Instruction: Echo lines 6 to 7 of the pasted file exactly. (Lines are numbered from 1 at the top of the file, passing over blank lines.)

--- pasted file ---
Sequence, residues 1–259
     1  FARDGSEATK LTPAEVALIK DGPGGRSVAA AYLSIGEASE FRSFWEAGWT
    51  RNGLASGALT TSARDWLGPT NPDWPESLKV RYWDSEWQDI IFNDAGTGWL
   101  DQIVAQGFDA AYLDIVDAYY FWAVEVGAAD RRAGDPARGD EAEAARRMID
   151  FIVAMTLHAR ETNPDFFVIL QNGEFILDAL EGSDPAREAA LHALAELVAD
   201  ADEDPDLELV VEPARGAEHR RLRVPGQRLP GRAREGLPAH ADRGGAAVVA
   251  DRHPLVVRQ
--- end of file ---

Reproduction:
   201  ADEDPDLELV VEPARGAEHR RLRVPGQRLP GRAREGLPAH ADRGGAAVVA
   251  DRHPLVVRQ